12 Years a Slave

This true story of a free African American kidnapped into slavery was a torturous but excellent couple of hours, surely a certainty in the Oscars for Best FilmBest Supporting Actor (an unrepentantly monstrous Michael Fassbender), Best Supporting Actress (which could easily go to Adepero Oduye, Sarah Paulson or Lupita Nyong’o) and at least a candidate for Best Actor and Best Director (for Chiwetel Ejiofor and Steve McQueen respectively), though here it may face serious competition from other corners; I could see both men missing out despite performing brilliantly. In Ejiofor’s case I think this will probably be to Tom Hanks’ performance in Captain Philips, a film (and a leading role) which shares several points of comparison with this one.

If I have the slightest criticism, it relates to the main character’s story. Not in its plotting – his is never less than a fascinating, horrific tale (though there are a few beats that wobble, co-producer Brad Pitt’s wholesome turn causing some eyes to roll, I suspect) – but because the protagonist’s inner journey is effectively set in stone at a very early stage. It is directly articulated by Michael K. Williams (of The Wire fame, though here he is really trotting out his performance from Boardwalk Empire) and what follows is a realisation of the awful truth he predicted. This in no way diminishes what follows, but I would argue that it becomes a story of endurance rather than change – of accepting the necessity of submission in the face of no choice.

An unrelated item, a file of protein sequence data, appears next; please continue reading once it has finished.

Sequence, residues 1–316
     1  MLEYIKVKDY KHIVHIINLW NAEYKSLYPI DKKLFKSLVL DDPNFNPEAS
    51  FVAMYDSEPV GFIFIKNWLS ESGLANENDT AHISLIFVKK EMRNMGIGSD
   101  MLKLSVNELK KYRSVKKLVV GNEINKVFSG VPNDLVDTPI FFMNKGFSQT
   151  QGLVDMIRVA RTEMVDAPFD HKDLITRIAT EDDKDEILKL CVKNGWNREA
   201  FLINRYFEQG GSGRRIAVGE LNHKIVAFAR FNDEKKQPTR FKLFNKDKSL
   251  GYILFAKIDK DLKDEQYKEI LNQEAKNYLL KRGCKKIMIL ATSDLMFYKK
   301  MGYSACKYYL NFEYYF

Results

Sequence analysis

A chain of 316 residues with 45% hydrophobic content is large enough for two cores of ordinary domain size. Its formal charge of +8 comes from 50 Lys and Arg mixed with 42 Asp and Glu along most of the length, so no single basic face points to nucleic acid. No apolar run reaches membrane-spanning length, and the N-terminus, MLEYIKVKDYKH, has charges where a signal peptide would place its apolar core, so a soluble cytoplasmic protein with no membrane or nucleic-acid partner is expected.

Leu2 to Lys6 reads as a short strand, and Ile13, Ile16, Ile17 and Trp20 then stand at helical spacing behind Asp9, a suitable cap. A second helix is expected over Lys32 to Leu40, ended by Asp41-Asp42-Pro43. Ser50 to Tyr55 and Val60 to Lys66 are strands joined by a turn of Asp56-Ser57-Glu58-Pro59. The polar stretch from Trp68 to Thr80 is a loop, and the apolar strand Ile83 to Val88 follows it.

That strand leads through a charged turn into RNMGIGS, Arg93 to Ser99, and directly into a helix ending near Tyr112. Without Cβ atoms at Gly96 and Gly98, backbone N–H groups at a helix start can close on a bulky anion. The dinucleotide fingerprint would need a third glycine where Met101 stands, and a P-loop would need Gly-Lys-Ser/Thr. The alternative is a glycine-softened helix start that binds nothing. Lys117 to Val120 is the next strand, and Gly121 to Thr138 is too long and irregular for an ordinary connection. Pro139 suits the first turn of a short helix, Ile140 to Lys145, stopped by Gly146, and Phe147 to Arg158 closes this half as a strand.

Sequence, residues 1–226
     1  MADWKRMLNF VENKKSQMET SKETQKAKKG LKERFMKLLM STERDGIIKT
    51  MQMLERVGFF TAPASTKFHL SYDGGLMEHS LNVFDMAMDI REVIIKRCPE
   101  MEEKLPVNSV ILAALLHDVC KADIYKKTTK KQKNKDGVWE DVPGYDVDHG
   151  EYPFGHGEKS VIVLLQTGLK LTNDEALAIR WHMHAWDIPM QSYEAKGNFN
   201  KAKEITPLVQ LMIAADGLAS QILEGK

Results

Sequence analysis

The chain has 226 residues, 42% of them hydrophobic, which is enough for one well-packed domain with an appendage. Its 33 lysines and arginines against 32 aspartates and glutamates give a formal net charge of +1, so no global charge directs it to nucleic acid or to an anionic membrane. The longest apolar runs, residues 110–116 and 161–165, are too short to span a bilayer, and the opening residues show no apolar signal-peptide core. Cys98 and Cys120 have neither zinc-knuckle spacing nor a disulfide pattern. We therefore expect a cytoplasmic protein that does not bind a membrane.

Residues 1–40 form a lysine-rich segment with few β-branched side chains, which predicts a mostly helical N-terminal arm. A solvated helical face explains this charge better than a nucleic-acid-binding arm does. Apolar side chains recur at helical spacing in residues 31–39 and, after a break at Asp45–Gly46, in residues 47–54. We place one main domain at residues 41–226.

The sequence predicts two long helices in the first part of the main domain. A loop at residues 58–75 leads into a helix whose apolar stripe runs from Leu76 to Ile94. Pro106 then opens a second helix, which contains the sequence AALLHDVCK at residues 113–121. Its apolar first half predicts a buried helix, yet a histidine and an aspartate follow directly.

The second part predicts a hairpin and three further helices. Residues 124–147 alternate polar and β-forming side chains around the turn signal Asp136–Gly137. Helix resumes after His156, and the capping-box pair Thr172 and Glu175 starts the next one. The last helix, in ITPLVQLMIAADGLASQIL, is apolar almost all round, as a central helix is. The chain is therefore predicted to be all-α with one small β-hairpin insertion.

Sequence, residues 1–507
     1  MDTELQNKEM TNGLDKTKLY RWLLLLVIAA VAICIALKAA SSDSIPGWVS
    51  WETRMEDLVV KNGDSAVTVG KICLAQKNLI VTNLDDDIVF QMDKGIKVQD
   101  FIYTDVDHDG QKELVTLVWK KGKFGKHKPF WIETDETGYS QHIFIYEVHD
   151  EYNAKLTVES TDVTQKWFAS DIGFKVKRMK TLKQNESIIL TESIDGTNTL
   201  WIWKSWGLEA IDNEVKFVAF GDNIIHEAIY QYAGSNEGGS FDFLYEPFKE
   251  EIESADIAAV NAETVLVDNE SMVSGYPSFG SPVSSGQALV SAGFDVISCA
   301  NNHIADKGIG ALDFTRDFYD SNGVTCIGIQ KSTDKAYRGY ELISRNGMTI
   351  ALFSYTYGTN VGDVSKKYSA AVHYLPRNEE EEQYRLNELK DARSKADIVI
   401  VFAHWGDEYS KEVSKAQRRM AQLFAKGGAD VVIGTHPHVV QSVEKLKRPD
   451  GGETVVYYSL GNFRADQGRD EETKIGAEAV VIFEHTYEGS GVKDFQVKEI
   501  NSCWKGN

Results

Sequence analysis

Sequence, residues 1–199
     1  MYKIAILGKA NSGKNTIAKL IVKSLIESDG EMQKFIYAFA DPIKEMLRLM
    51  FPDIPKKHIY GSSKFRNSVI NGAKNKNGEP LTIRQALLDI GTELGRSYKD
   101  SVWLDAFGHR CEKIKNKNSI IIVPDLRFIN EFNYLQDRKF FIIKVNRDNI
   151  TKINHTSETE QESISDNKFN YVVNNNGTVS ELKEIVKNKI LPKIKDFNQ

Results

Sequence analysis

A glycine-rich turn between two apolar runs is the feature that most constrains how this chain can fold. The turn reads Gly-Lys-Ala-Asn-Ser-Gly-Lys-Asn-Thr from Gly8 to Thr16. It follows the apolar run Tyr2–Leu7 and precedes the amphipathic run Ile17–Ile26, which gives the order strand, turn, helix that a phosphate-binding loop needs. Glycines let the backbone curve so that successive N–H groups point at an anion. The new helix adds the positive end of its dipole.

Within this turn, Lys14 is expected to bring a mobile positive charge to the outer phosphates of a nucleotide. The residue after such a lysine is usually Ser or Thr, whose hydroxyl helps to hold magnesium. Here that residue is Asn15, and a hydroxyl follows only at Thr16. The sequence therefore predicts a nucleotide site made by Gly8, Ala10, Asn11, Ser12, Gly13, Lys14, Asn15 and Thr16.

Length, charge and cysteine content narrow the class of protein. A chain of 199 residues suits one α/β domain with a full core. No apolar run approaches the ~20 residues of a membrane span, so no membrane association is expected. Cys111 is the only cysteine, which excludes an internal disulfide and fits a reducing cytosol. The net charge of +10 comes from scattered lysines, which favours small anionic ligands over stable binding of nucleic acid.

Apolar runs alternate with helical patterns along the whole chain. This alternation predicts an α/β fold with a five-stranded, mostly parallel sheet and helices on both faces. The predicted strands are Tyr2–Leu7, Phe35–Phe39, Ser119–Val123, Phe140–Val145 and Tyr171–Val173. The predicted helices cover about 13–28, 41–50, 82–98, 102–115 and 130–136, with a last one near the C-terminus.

That said, in Solomon Northup we have a “passive protagonist” in perhaps the only acceptable sense of the term: a false one. I was moved to tears at the end (not a unique thing for me), but if that came via a flicker of emotional manipulation it was still utterly justified, and played with a brevity and simplicity that maximize its impact. 12 Years a Slave is a masterful piece of work – a very deliberate choice of words on my part. No film is going to truly convey the horrors of slavery to those who have never experienced it, but we can be compelled to undergo a glimpse, to comprehend what was done, and empathise.


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